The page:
The test for deafness is the Brainstem Auditory Evoked Response (BAER), which can be performed by preferably a veterinary neurologist or an experienced veterinarians/audiologists at the age of at least 35 days, with chemical restraint optional. Three of my dogs, the only Bichons ever BAER certified, completed this test without problems. It involves attaching tiny electrodes to the scalp and placing earphones in the ears, all attached to a monitor that displays a waveform with each sound introduced to the dog. The dog must lie still to avoid artifact from movement, which was easily accomplished on my adult Bichons, but may be a challenge for puppies.
OFA THYROID: This certification is accomplished by sending a blood sample to an approved laboratory that tests the dog for hypothyroidism, most commonly caused by autoimmune thyroiditis. The onset of the disease is variable, most commonly at 2-5 years of age. However, the blood test measures autoantibodies for this disease that are most often present in the blood by the age of 3-4 years. Testing at 1 year of age and retesting yearly is recommended, and bitches must not be in season or pregnant to avoid the effects of hormone fluctuations. Hypothyroid disease is rare in Bichons.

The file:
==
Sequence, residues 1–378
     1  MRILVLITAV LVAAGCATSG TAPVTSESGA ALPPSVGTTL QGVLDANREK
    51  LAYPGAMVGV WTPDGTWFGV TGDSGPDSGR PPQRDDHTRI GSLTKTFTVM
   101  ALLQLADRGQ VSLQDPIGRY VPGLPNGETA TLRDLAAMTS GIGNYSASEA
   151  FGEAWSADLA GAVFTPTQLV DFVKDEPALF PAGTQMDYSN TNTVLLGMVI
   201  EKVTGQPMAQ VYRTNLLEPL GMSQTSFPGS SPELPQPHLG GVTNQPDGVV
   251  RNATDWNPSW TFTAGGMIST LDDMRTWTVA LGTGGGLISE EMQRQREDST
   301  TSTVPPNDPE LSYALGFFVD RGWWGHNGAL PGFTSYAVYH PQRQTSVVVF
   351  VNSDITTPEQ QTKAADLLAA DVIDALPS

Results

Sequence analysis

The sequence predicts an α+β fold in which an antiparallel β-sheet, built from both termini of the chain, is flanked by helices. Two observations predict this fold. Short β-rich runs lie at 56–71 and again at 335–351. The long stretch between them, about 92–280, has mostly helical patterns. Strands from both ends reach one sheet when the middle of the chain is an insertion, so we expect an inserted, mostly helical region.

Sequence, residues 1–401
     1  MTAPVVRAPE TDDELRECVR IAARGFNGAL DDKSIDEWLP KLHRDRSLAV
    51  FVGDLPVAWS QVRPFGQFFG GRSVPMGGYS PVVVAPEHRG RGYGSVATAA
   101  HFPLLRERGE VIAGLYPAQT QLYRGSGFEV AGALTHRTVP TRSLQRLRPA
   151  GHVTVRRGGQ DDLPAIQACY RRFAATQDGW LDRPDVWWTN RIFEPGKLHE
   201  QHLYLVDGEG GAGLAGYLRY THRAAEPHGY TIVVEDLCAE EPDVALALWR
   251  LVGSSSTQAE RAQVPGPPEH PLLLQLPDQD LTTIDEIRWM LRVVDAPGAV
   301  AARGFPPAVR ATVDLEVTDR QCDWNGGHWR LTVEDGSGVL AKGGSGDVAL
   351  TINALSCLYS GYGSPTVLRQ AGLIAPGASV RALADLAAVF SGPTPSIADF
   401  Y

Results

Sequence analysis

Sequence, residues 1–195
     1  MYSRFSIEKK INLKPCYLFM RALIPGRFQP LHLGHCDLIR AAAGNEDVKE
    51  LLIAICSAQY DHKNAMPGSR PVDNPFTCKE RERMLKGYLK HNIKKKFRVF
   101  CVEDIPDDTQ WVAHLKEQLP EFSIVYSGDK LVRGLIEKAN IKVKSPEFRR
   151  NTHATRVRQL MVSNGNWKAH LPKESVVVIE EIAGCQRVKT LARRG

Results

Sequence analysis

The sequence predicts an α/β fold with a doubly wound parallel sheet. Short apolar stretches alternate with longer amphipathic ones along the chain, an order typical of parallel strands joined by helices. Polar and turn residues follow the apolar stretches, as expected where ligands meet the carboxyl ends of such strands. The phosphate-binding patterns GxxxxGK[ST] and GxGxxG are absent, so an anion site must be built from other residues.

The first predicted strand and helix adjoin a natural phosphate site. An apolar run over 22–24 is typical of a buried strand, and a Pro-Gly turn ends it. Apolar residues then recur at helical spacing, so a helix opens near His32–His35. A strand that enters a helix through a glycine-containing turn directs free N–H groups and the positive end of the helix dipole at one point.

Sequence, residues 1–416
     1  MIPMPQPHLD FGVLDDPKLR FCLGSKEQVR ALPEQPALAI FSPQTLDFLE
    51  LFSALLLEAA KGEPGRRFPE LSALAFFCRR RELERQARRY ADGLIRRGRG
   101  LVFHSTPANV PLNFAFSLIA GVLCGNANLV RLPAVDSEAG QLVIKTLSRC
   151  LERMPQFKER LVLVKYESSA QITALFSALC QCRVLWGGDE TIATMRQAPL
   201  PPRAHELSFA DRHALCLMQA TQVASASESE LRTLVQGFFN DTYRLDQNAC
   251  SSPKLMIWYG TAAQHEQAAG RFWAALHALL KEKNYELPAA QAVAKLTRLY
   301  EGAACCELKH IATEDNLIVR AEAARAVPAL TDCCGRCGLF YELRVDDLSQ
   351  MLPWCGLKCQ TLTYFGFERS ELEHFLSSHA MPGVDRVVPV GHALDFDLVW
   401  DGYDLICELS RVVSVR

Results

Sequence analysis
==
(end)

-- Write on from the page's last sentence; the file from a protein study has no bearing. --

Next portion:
OFA Legg-Calve-Perthes Disease (LCPD): LCPD is another hip disease that can be included in OFA certifications, free of charge as long as the dog’s hips have been OFA certified. The same xray can be used to evaluate for hip dysplasia and LCPD, however a dog that has LCPD will not pass OFA certification of the hips. The LCPD form, which can be downloaded from the OFA web site, is submitted either with the hip OFA form or separately. This hereditary disease is more serious and more common in Bichons than hip dysplasia. The femoral head that sits inside the hip socket becomes necrotic from lack of blood supply, which results in degeneration of the bone. If your dog receives an OFA hip certificate, it does not have this disease. If your dog does not have OFA hip certification you can obtain LCPD certification after the age of 1 year by submitting an xray and the LCPD form to OFA with the required fee. You can read more about this disease at www.bichonhealth.org/HealthInfo/LeggCalvesPerthes.htm.